It has been two years since:
- I wrote a blog to share my thoughts and experiences
- I attended a conference in person as this weekend (25/09/2021) as I attended the inaugural ResearchEd Nottingham
- I attended the PTE Wonder Years conference on the knowledge rich curriculum
It will probably be no surprise to you when reading this that I sit at the trad end of the teaching spectrum. I believe that the knowledge rich curriculum is a matter of social justice and to predicate the curriculum upon a pedagogical approach i.e. task after task with students wandering through the learning directionless, further compounds the educational inequalities which are already vast in this country. I believe that the knowledge rich curriculum can go some way to closing the gap for every student.
Here I want to say that I have undertaken a long journey building a knowledge rich curriculum in history, which is underpinned by mastery booklets. The booklets include the key knowledge that needs to be learned, workspace in lieu of an exercise book, two assessments embedded per term based on a bespoke assessments questions (out of 10 marks with custom-made mark schemes to make moderation/standardisation easier) which test the knowledge and key historical skills that have been learned rather than a regurgitation of GCSE questions, a five-a-day knowledge check after each topic, and three ten question knowledge checks which are cumulative and interleaved over a term.
This acts as the central resource and the benefits have been plentiful:
- The booklets allow the teacher to focus on teaching. Students respect that we are the experts as this central resource is written by us which is deliberately pitched to the top, having the highest expectations and aspirations for our students (it also saves endless time in terms of printing).
- This approach allows us to innovate the curriculum collaboratively and have meaningful curriculum conversations about changes, which in turn, allows for the development of subject knowledge and provides staff with key opportunities to build the curriculum with me and therefore, there is greater buy in and ownership from my team.
- We support students with Dylan Wiliam’s idea of responsive teaching providing any support needed via high quality teacher talk, probing questioning, and modelling. For example, we often write the answer to the big question together through extensive oral questions to formulate every sentence of our answer.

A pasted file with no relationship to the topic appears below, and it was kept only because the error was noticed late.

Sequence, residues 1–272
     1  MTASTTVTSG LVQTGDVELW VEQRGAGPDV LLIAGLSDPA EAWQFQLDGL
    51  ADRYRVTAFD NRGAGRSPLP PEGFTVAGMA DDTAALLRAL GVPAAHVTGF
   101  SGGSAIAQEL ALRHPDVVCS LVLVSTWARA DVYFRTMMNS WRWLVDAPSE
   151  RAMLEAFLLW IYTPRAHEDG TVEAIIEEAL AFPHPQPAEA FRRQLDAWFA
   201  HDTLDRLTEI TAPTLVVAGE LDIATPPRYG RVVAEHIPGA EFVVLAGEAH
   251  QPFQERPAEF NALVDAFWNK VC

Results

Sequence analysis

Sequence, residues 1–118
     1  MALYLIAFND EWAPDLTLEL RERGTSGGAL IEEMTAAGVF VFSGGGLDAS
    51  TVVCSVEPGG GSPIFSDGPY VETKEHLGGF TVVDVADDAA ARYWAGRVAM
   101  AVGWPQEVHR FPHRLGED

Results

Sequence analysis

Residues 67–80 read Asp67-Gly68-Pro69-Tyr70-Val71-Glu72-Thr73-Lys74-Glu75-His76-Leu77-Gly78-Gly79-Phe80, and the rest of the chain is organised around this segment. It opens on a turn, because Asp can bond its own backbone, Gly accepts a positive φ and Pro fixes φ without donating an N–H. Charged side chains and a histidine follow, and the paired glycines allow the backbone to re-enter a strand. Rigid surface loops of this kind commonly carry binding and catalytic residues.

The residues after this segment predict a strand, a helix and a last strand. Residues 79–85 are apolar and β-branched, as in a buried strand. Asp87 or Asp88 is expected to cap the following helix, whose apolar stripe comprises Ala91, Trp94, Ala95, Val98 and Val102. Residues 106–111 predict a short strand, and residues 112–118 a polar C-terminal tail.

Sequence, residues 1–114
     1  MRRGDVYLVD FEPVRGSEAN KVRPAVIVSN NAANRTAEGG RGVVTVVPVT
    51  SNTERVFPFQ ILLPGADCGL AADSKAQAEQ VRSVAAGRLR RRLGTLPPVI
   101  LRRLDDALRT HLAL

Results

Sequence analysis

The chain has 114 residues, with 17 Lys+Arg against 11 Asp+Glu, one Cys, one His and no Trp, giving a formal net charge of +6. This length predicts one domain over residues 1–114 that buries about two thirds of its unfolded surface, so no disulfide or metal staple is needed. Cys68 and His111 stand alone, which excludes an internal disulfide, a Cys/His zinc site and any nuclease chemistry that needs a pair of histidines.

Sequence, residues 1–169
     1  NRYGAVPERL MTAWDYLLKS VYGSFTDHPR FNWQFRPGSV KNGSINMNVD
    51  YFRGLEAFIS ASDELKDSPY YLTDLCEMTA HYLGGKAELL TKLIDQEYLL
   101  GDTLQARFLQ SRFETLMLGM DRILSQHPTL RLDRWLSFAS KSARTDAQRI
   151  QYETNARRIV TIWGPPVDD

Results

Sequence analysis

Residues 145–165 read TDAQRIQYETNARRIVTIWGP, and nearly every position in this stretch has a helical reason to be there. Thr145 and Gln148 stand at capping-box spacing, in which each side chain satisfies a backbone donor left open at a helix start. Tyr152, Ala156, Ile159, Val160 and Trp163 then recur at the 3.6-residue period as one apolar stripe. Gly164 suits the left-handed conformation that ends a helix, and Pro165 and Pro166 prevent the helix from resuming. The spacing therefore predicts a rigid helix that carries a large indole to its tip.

This approach has taken time – I had a two-year plan and I stuck to it. It started with meeting staff and rationalising both the knowledge rich curriculum, the use of booklets and the structure of the booklets. Following this, we sequenced the curriculum and made decisions on what powerful knowledge to include and more importantly, what not to include. I then delegated different parts of the curriculum to different staff members, starting with KS3 (I was blessed to have four very willing and very able historians working for me at the time when I started this and when I moved school, I had a very able and keen ECT1 who was endlessly committed to this project) so not to overload myself or my team. There was then an editing stage where I acted as a critical friend for my team to ensure consistency of approach. Finally, there is an emphasis on the importance of consistency of the lessons ensuring that they are quality and bespoke for each topic within the booklet, underpinned by big questions, quality teacher talk (which introduces the topic, the big question and key terms), ensuring that the lessons have answers built into them to allow teachers to teach and expertly talk students through answers (again utilising direct instruction), and the use of green pen to close the gap on the comprehension as well as the analysis/evaluation tasks to ensure no student is left behind.